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In his famous essay La Duende, Spanish poet Federico Garcia Lorca tells the story of a flamenco dancer, well into her 80s, who trounces her younger, prettier competitors in a contest. "Competing against beautiful women and young girls with waists as supple as water," he says, "[she] carried off the prize merely by the act of raising her arms, throwing back her head, and stamping the little platform with a blow of her feet." The old lady had the duendein her blood a roiling, sulphurous spirit, the Muse's evil twin. Lorca describes the duende as "black sounds: behind which there abide, in tenderest intimacy, the volcanoes, the ants, the zephyrs, and the enormous night straining its waist against the Milky Way."
I was thinking about Lorca's lines on a recent Thursday night at Paella Seafood Grill, where two svelte female flamenco dancers, a guitarist, and a drummer playing a wooden box called a cajón were performing for a room crowded with long family tables and many a birthday celebration. The performance had heated up the audience; we'd set down our wine glasses and dropped our paella spoons to clap and shout "¡Olé!"
It was just a few days before Wilma was scheduled to hit, and it looked like Floridians would be seeing a lot more of our own enormous nights, if hurricane predictions for the next decade proved true. There was an air of expectancy and abandon in the air we all knew our octopus in paprika, our mushrooms in wine, our lobster tails and snapper doused with shrimp, our black beans and paella Valenciana, washed down with carafes of sangria, might amount to our last hot meal for some time. It struck me that flamenco dancing is one art that embodies the spirit of our tropical tempests; the explosive nature of hurricanes has a lot in common with the percussive, angular, defiant character of flamenco. Flamenco is chaotic force channeled into precise control; it is blackness contained a gypsy's dream of mysterious, unpredictable violence. And those shouts of ¡Olé!, as Lorca noted, are the "heartfelt exclamations of 'God Alive!'" they're both a plea and a vote of confidence.
Miramar, FL 33025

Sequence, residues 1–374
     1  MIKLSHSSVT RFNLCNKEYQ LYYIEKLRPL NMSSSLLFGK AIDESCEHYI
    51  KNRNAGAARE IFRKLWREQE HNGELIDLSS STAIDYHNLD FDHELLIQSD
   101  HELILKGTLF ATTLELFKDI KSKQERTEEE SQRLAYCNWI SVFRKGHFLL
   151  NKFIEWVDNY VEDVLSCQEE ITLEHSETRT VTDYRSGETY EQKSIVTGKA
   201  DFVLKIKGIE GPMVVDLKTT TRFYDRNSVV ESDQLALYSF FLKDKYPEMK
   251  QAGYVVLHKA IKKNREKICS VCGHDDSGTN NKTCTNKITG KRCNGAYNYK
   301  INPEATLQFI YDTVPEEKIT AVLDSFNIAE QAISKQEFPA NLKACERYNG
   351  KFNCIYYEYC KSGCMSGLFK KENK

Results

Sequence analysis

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As it turned out, that black bowl full of stars, slashed by the scattered pixie dust of a long-forgotten Milky Way, was one of the few serendipitous treasures Wilma left us. I was thinking about that as I navigated blown-out intersections one night two weeks later, trying to find a navigable path back to Paella Grill for a taste of its signature dish. Paella has been open just a little over two years now, occupying a vast, echoing, 4,000-square-foot space in a Pembroke Pines strip mall, decorated with tables of red, yellow, and green referencing either the Spanish flag or the colors of paella itself great round paella pans and smoked meats hanging from walls near an open kitchen, and slowly rotating ceiling fans. Owner Rolando Blanco, who was born in Cuba to Spanish parents and grew up in Boston, has been in the restaurant business for 35 years he started out running discos in the late '70s and '80s, made his way to Miami, owned a supper club in Chile, and finally returned to South Florida to open a series of restaurants including La Minutera in Hialeah. Things were slow, he says, for the first year with Paella, but judging from our Thursday-night visit and our early supper on a subsequent Sunday evening, the idea has really caught on. When we pulled up around 8:30 p.m. on Thursday, the outdoor seats were full; inside, three long banquet tables were occupied by extended families, and dark-haired waiters were running plates from the open kitchen to dozens of customers waiting for the night's 9 p.m. show. It's an eclectic group of diners ranging from mixed-race couples to "girls' night out," from multigenerational Hispanic families to studly-looking guys stretching their legs at outdoor tables over a beer.
Blanco reopened Paella on November 2, a week after the storm, in time for the weekly Paella-for-Two special. Thursday's Flamenco night is a big draw, but the $49.99 Paella-for-two on Wednesdays, which includes a half-carafe of sangria and dessert, brings in the crowds too. As do the many tapas offerings. Blanco plans to have his liquor license, a remodeled stage, and a full tapas bar up and running by Thanksgiving. "We'll have Peruvian ceviche with octopus, shrimp, tilapia, mussels," he says. "We'll have tortillas español, omelets with potatoes and Galician sausages, tripe. You'll be able to sit at the bar and have little plates of everything with your drinks."
Tapas comes from the word for lid; presumably, Spaniards placed slices of grilled bread with ham on top of their wine glasses. They did this either (a) to thwart flies intent on dive-bombing the wine, (b) because it wasn't legal to serve wine without food, or (c) because it made the glass easier to carry, depending on which culinary historian you believe. Anyway, there were lots of tapas specials at Paella the night we went, and no flies at all, so we ordered a bunch of the tapas. I doubt if they would have balanced well on a glass of wine, but they were uniformly delicious they did balance interesting flavors and textures, like sweet paprika with the acidic tomato, dense chewiness of octopus with melt-in-your-mouth potatoes. Among our favorites: the garbanzo frito ($7.95), a spicy, belly-warming concoction of chick peas, chopped Serano ham, paprika, Spanish sausage, tomatoes, and red onions. The Galician specialty, pulpo à la gallega, a street food served widely in northeastern Spain, was terrific too: very tender, small, grilled octopi tossed in olive oil, red wine, potatoes, and paprika. Both of these were great for sopping up with the small loaves of crusty bread brought bustling out from a hot oven.